The Fuel Injection System of an Aircraft Engine

Posted on March 2, 2021 David Atkinson Aviation

While many individuals may be aware of aircraft internal combustion engines and their need for fuel to produce thrust, some may not know how the engine handles such an intensive procedure efficiently and safely during typical operations. Before fuel can be burned within the combustion chamber of a piston powered aircraft, it requires precise vaporization and mixture with oxygen in order to achieve sufficient results. This procedure is typically carried out by either a carburetor or fuel injection system, both of which ensure proper mixtures and distribution to accommodate varying needs and power settings. In this blog, we will discuss the fuel injection system and its functionality, allowing you to best understand how they benefit aircraft engines.

When an engine relies on fuel injection, fuel is often pressurized and provided directly to the combustion chamber. Continuous flow and direct injection systems both serve as the most common fuel injection types, and they each provide their own functionalities. With the continuous flow type, fuel injection is steady as fuel is provided to the inlet port of each individual cylinder. With the injection pump driven by the engine itself, excess fuel can be fed to the tank in order to keep positive pressure within the system. As fuel is delivered in a liquid form from the injection pump, it can then be vaporized before passing through a bypass check valve to start the engine. In order for the fuel injection system to maintain optimal fuel to air ratios throughout the duration of a flight, a fuel metering unit is used to filter and set values. Also attached to the fuel metering unit is the cockpit throttle, that of which regulates the butterfly which determines manifold air flow. Once fuel has been efficiently filtered and measured for ignition, manifold valves are used for proper distribution to each cylinder. Similar in appearance to a spider standing over the engine, each leg (tube) is attached to a cylinder through inlet ports for fuel transportation. Before finally being ignited, injector nozzles are used to spray fuel into the combustion chamber at the correct pressure, quantity, and ratio for proper combustion.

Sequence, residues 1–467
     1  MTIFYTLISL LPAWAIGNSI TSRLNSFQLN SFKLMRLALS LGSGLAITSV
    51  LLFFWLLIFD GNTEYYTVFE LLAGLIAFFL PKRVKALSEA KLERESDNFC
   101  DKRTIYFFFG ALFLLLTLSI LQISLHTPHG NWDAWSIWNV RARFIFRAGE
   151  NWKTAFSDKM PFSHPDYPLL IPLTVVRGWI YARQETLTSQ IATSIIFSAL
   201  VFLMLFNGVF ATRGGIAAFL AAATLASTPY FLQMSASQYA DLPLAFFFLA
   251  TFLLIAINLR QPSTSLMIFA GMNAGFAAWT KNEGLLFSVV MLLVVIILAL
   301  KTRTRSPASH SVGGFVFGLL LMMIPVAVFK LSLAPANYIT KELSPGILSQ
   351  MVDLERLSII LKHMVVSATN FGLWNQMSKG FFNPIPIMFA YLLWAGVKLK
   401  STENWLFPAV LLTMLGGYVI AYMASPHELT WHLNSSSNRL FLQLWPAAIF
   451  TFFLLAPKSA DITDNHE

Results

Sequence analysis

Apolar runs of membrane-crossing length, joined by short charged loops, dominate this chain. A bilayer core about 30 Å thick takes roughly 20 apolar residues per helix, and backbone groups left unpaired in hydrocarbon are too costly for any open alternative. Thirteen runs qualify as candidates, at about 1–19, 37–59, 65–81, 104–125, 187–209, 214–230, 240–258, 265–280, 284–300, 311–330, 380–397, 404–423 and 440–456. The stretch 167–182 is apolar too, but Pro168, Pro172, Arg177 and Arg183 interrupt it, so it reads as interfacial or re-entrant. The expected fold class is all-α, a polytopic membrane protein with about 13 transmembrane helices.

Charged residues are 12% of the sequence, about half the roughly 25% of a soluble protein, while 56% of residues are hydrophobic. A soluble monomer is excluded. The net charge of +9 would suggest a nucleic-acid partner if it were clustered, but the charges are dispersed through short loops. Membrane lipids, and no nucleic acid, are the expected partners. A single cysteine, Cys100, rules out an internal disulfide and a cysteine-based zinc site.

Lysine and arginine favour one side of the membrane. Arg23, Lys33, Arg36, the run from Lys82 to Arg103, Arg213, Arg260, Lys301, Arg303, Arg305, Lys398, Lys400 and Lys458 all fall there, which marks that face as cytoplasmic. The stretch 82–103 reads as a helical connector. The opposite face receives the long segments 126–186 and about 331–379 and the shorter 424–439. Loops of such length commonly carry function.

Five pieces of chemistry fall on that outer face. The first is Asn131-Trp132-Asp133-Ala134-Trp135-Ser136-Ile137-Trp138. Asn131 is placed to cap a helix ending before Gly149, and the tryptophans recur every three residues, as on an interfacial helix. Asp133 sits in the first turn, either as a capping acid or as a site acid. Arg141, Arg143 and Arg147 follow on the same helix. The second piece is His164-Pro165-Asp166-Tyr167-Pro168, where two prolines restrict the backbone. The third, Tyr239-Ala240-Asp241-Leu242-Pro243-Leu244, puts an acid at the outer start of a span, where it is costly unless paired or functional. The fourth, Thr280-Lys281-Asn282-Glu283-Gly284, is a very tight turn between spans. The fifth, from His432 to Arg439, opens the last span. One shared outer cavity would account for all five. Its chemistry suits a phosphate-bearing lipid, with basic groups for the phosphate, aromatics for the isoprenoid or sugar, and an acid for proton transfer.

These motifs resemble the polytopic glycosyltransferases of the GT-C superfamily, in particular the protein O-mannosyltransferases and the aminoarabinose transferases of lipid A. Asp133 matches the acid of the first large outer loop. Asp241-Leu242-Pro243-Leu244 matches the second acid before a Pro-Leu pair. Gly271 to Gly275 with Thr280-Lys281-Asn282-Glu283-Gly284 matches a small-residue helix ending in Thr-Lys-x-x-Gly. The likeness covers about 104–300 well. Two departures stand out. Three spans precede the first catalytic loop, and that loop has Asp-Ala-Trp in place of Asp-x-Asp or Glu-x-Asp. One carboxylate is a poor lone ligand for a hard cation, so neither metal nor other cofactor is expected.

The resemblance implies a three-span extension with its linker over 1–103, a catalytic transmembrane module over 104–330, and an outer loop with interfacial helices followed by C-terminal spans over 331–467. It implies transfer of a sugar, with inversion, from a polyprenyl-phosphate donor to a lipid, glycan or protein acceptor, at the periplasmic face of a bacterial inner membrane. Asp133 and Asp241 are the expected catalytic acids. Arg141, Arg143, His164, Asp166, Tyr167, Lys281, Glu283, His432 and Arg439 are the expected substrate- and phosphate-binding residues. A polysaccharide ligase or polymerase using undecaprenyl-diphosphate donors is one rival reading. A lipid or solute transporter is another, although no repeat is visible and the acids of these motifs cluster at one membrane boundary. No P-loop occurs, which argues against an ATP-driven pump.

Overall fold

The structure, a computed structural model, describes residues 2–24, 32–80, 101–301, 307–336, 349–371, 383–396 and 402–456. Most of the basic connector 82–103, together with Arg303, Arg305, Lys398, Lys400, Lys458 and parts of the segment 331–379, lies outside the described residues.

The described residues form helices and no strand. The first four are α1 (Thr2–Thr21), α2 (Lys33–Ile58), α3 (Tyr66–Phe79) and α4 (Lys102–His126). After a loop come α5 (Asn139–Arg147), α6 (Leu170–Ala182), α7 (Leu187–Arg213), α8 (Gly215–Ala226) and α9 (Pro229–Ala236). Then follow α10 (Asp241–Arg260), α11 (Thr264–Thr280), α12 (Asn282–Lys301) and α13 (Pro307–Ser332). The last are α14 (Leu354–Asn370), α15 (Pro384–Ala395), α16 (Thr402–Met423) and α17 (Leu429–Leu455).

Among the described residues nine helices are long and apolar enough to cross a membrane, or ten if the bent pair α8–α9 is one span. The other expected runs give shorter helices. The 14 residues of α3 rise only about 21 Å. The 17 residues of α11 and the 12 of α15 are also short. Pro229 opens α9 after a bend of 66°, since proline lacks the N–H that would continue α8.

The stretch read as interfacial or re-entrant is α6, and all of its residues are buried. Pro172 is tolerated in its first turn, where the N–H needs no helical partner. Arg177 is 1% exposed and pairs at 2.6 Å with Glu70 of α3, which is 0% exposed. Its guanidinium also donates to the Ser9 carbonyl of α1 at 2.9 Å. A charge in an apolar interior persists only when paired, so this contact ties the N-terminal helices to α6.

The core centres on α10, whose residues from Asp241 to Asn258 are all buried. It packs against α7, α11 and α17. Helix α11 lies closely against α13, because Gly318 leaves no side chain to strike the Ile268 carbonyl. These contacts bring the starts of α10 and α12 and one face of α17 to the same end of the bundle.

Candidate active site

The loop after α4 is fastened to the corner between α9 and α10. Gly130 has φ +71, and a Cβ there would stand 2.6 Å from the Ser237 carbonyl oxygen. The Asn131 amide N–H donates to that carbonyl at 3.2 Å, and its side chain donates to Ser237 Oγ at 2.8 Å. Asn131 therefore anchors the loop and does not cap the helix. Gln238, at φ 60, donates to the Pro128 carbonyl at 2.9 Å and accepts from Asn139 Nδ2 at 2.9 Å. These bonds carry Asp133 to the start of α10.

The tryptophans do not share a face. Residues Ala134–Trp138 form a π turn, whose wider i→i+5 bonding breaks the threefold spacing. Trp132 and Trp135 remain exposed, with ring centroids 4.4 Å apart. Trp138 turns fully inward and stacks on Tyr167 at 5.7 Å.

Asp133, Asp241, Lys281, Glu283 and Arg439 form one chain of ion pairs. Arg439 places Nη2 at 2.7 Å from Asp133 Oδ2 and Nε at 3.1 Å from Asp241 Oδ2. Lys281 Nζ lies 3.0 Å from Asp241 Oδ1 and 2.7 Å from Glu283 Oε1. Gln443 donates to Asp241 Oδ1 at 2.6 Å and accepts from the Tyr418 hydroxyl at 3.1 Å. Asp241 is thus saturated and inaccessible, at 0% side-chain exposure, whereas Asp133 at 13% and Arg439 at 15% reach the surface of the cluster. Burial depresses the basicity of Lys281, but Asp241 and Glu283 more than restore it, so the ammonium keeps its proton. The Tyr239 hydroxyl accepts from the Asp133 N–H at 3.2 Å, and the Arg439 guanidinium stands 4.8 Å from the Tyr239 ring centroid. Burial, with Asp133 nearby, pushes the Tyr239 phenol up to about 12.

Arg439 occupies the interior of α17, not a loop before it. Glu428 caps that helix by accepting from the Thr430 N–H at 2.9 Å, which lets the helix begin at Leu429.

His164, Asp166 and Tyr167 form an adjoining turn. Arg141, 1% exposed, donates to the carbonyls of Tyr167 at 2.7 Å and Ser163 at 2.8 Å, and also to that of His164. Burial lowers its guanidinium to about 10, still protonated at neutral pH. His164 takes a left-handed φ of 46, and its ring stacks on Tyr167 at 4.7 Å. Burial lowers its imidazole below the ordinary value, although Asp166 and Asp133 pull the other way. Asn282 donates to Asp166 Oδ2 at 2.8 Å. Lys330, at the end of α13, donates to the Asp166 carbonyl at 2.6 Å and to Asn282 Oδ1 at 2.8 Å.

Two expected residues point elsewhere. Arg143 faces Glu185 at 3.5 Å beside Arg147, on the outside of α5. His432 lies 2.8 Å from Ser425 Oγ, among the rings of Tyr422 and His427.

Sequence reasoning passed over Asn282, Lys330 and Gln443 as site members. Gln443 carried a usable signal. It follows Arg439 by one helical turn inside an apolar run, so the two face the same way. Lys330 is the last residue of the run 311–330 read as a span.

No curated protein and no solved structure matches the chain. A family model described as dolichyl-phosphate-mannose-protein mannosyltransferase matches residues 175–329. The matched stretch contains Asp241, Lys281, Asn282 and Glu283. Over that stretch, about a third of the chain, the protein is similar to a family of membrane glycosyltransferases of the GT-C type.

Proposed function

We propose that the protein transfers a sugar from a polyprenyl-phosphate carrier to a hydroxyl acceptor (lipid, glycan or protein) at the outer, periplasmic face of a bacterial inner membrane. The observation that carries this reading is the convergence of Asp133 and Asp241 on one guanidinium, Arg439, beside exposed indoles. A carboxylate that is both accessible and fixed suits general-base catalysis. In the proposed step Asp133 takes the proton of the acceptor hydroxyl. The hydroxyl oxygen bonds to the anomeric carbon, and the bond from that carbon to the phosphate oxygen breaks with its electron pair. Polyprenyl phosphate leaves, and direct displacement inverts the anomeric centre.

As compared to the continuous flow fuel injection system, the direct injection system features the same components and fairly similar operations. Their difference, however, lies in the fact that the direct injection system pressurizes and injects fuel straight to the combustion chamber, thus bypassing the need for an inlet valve. As a system that features two spark plugs and its specific design, such fuel injection systems are most often reserved for high power engines. If the aircraft utilizes super- or turbocharging elements, they may require modifications in order to properly take advantage of fuel injection.
With fuel injection, the mixing and distribution of fuel and air can be conducted with ease to ensure proper combustion and propulsion generation for an aircraft. Nevertheless, such systems are not without their various advantages and disadvantages that may dictate whether or not they are beneficial for a given aircraft. With fuel injection systems and their related components, a precise amount of fuel and air can be mixed for each cylinder depending on the current operating conditions of the engine. This ensures that all cylinders run at the correct temperatures needed for efficiency. Furthermore, the fuel injection system can provide a piston powered aircraft with improved fuel and air mixtures, smoother operations, easier starting of the engine, and more.
Due to the complexity of fuel injection systems, however, the fuel they handle must be clean and devoid of any contaimation. Vapor lock is also a concern for such systems, as a hot engine may have difficulty when starting. As compared to carburetors that conduct similar operations, fuel injection systems will often be more expensive. Despite this, the long term operation of a fuel injection system will offset their initial expense.
By achieving more fuel efficiency and smoother operations, fuel injection systems can save operators money in the long-run due to fuel savings and prolonged engine service lives. At ASAP Parts 360, we are your strategic sourcing partner for all the aerospace parts you need for your operational requirements. With our market expertise and purchasing power, we leverage competitive pricing and rapid lead-times for the benefit of our customers. Get started today and experience how ASAP Parts 360 can serve as your strategic sourcing partner for your needs.

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